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Healthy Bones: A Simple Bear Necessity
For more information on this story contact:
Email:Marcia Goodrich
Phone:906/487-2343


The couch potato lifestyle may appeal to the sedentary beast in all of us, but it can be a major cause of osteoporosis. For black bears, however, it's a different story. Seth Donahue's research has shown that their bones remain strong year round, despite snoozing away for months in hibernation.

Now, his latest studies are showing that this ability isn't limited to black bears. Their big brown cousins, grizzly bears, are as good if not better at keeping their bones strong and healthy.

"The porosity of the grizzlies' bones actually decreased during hibernation," said Donahue, an assistant professor of biomedical engineering. "That's completely the opposite of what happens in humans."

"This confirms what we've studied in black bears," he said.

It turns out that instead of losing the stuff bones are made of, bears recycle it in their sleep. They don't urinate or defecate when they hibernate, so instead of excreting calcium that leaches from their bones, they essentially put it back where they found it.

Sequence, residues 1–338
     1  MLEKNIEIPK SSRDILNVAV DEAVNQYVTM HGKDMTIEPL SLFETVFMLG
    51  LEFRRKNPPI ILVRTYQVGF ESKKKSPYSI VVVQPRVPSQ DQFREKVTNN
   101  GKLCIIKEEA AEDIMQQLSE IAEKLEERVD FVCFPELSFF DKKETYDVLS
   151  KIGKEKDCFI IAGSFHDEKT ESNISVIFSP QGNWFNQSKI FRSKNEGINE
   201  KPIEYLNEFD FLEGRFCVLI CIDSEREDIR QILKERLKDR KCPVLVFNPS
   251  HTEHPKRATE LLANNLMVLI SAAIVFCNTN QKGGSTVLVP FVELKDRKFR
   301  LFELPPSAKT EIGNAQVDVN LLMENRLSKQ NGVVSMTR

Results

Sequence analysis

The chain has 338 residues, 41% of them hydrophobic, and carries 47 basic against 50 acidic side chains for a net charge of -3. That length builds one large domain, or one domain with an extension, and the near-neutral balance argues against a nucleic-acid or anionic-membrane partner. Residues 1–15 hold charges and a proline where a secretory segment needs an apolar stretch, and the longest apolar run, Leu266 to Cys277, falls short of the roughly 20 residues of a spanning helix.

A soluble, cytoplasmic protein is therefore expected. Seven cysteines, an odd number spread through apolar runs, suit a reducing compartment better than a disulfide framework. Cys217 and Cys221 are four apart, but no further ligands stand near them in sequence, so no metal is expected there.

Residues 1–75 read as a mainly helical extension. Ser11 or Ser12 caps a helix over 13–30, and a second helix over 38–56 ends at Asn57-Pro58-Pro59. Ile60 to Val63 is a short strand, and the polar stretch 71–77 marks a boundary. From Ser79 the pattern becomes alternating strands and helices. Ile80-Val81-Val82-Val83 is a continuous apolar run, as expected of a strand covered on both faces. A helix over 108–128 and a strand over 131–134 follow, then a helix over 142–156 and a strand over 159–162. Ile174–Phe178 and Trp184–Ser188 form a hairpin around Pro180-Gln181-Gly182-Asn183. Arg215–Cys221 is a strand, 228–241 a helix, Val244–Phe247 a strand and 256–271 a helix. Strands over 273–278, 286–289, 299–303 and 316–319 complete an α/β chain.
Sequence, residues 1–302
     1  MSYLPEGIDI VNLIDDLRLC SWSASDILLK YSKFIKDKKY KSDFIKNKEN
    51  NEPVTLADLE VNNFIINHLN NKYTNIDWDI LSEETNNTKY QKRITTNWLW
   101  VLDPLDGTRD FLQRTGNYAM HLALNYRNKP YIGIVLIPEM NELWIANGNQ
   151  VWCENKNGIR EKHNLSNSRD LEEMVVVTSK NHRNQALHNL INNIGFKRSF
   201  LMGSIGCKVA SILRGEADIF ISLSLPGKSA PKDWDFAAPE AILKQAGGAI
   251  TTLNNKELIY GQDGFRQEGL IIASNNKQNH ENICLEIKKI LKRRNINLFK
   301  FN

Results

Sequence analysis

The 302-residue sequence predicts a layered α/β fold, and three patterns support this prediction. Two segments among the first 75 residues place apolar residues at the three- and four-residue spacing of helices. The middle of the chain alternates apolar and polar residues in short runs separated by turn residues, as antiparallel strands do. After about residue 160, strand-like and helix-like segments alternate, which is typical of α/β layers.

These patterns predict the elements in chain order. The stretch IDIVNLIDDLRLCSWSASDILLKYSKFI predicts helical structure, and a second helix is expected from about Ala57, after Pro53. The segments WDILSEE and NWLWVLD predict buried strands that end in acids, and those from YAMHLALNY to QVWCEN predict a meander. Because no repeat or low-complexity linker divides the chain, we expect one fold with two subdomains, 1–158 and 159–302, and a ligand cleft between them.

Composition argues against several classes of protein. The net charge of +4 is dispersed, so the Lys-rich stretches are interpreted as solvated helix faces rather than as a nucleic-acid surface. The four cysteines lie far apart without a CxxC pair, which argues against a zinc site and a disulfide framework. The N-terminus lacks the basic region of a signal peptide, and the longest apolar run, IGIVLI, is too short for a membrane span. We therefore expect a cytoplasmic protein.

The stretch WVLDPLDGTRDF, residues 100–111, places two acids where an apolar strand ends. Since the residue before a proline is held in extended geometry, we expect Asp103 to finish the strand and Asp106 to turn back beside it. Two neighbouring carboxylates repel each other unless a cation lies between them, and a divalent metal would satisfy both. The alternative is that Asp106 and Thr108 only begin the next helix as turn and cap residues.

Now that Donahue has verified that bears have a special mechanism that fights off osteoporosis, the trick is to understand it.

"The hard part is figuring out the mechanism," he said. "There's a strong possibility that parathyroid hormone levels are important." His recent studies on black bears show that parathyroid hormone levels are strongly correlated with bone">bone formation, which comes as no surprise. "A synthetic version is being used in humans to treat osteoporosis," Donahue notes. "But we also believe other molecules are involved, and we're investigating what they might be and the role they play in bone formation."

One thing is certain: There's nothing about hibernation itself that protects an animal's skeletal structure. Other hibernating creatures, such as bats and ground squirrels, do get brittle bones during their long winter's nap.

According to the Osteoporosis Foundation, the condition is responsible for more than 1.5 million fractures annually. One in two women and one in four men over the age of 50 will suffer an osteoporosis-related bone fracture.

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